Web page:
While there’s nothing wrong with charcoal or gas grills, pellet grills have so much more to offer by comparison. They can heat up as intensely as traditional barbecue grills, plus a knack for low-temp smoking. Compared to other combustible fuels, pellets produce less carbon footprint while delivering the equivalent heating efficiency.
So, it makes perfect sense when many people want to purchase the best pellet grills for the upcoming holidays. Using the right combos, these grills can enrich and intensify your food with an all-natural flavor and pinkish smoke rings.
If you’re having a hard time finding the appropriate grill, our buying guide and product reviews are here to help. And for good measure, we’ll also answer a few questions regarding pellet grills to the best of our knowledge.
How to Choose the the Best Pellet Grill
If you can’t come up with a straightforward reply, let’s break things down into smaller categories. The clearer your expectations are, the easier you can narrow down the option and make the right call. Below are some key factors you need to bear in mind when selecting a pellet grill.
For starters, pellet grills aren’t small or quick items that you can purchase on a whim. In addition to that, they aren’t cheap either: a portable travel-size unit can cost you as much as $300. And the bigger the model, the more expensive it gets, which can rack over thousands of dollars or even more.
By incorporating a state-of-the-art controlling system and an intricate auger feeding mechanism, a pellet grill’s strongest point is convenience. And that convenience often comes in at around $500 if not more. After all, that’s the average price point for a typical mid-tier pellet grill designed for home use.
Once you’ve decided to refurbish the BBQ station with a pellet grill, make the effort worthwhile in the long term. Depending on the specs and features, a semi-premium unit may set you back $750 to $1,200. And this is as far as you should consider expending, especially when you’re on a tight budget.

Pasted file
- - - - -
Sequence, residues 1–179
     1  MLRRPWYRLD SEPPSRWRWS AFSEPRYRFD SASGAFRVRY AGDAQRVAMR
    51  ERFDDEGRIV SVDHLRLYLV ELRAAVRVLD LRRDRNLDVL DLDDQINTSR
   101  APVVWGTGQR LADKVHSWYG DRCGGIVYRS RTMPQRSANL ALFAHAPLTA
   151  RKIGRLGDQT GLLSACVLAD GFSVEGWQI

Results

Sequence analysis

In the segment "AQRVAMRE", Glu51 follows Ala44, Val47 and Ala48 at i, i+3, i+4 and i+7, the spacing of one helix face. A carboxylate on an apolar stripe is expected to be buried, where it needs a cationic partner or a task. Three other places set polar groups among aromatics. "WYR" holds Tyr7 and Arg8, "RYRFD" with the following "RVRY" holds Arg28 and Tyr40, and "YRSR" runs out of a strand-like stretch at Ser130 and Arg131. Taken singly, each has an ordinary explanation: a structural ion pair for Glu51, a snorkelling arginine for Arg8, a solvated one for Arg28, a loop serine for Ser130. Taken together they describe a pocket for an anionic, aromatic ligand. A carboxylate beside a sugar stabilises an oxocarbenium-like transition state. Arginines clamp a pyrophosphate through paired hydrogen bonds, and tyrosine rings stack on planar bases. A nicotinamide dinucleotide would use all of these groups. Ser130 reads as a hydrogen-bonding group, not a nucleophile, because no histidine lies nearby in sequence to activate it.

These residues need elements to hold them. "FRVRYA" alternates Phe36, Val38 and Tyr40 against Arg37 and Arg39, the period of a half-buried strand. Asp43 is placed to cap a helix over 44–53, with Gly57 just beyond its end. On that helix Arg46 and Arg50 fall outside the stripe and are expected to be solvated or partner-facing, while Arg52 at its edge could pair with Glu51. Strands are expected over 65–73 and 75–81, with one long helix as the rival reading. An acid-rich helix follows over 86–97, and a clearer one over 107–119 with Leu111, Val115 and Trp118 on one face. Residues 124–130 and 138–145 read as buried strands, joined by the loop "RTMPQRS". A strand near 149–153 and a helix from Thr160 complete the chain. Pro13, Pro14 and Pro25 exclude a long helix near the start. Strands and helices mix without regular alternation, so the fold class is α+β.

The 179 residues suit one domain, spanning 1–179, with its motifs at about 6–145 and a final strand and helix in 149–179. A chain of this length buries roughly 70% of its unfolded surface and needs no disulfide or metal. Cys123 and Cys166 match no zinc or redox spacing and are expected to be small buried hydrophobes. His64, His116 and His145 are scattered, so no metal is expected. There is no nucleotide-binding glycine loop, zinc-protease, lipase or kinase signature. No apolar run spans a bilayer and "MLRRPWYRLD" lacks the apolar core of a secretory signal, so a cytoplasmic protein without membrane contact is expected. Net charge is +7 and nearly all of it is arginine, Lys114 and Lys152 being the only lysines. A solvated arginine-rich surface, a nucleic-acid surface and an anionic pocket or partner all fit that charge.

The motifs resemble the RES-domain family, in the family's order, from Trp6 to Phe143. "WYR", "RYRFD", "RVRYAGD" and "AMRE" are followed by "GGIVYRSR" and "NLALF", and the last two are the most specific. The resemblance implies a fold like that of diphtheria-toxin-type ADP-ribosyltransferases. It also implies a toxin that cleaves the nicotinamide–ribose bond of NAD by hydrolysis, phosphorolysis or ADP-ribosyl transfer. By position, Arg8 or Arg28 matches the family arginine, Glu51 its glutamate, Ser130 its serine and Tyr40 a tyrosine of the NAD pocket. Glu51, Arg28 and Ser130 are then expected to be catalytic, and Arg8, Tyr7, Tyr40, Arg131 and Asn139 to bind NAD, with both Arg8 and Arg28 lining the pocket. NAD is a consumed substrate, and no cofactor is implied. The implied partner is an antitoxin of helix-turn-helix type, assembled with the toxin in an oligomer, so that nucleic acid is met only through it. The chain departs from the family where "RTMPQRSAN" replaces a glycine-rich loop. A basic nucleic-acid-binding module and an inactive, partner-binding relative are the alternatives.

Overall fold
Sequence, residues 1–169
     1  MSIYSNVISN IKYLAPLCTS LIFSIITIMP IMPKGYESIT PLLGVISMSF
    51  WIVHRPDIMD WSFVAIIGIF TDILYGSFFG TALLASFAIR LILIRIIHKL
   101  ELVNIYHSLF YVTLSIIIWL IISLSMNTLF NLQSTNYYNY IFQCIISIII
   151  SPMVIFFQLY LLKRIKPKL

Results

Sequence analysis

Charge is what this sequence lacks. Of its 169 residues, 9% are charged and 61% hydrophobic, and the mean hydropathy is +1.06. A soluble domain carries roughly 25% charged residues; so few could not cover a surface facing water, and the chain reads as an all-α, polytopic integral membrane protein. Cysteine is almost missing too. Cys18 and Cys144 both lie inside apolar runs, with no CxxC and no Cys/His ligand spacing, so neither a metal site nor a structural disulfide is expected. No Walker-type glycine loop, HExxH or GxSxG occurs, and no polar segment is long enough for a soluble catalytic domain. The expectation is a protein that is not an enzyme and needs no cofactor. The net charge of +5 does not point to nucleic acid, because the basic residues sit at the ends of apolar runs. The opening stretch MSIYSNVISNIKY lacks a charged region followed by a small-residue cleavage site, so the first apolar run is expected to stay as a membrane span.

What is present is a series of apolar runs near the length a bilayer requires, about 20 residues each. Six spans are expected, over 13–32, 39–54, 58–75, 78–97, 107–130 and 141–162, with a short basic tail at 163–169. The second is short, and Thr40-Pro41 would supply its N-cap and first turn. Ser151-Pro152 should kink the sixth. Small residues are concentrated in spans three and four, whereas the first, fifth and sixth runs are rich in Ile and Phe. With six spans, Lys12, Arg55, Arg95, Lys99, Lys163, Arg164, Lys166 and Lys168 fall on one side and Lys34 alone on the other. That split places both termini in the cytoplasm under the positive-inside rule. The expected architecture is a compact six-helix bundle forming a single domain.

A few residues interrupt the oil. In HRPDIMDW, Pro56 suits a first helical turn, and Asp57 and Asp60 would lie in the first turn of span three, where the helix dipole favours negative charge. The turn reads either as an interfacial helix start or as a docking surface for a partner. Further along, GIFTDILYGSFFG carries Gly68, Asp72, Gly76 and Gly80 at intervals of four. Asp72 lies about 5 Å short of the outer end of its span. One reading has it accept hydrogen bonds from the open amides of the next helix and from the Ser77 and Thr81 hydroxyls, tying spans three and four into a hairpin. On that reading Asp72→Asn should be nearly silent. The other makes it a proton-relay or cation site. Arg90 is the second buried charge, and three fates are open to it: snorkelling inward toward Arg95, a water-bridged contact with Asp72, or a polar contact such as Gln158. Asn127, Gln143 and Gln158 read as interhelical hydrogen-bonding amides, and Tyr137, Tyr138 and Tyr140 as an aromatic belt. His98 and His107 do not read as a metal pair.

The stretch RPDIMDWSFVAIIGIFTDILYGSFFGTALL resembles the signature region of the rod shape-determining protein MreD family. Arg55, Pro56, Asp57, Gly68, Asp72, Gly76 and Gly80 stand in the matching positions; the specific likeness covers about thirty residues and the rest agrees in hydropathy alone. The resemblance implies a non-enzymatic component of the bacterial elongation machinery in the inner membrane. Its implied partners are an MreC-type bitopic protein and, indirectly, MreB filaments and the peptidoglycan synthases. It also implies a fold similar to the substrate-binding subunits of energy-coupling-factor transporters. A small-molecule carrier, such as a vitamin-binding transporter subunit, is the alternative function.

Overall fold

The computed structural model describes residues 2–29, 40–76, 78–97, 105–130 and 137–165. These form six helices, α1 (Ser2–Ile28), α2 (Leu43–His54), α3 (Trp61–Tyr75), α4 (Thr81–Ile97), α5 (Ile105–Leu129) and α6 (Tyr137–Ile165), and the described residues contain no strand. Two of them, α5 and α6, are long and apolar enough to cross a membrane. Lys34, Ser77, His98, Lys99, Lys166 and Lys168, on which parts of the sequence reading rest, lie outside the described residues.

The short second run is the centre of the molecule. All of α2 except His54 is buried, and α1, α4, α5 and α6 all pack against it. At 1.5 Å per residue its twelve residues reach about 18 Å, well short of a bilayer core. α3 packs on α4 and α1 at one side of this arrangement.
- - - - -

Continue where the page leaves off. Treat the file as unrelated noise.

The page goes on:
Now assuming that money is no object, you might as well splurge on the extras. In addition to the core functionalities, those customizable grills also come equipped with all sorts of additional features. And the more you pay, the better the quality and performance in return.
But to be upfront: a high-end model can expect to cost well over $2,000, so think twice before purchasing. It would be a huge waste if you didn’t utilize these top-tier grills to the best of their capabilities.
If possible, try to make an educated guess on what food and how many guests you’re planning to serve. Don’t limit yourself to just the all-time classic burgers and hot dogs: think thick items like ribs, briskets, and turkeys. After all, those are some of the specialties you’d come to expect from these grills.
On the whole, 500 square inches of cooking area should suffice for a family of four or five. This is the typical size that most people will choose when buying an entry-level pellet grill. That said, it’s up to your personal preferences to purchase something else that meets your grilling requirements better.
If the primary grilling grate isn’t broad enough, you’ll want to consider a double- or even a triple-decked cooking grate. Besides the main entree, you also need other side dishes like baked bean, corn on the cob, or green veggies. Grillers will appreciate that extra room in case more guests show up or when they need to reheat/warm food quickly.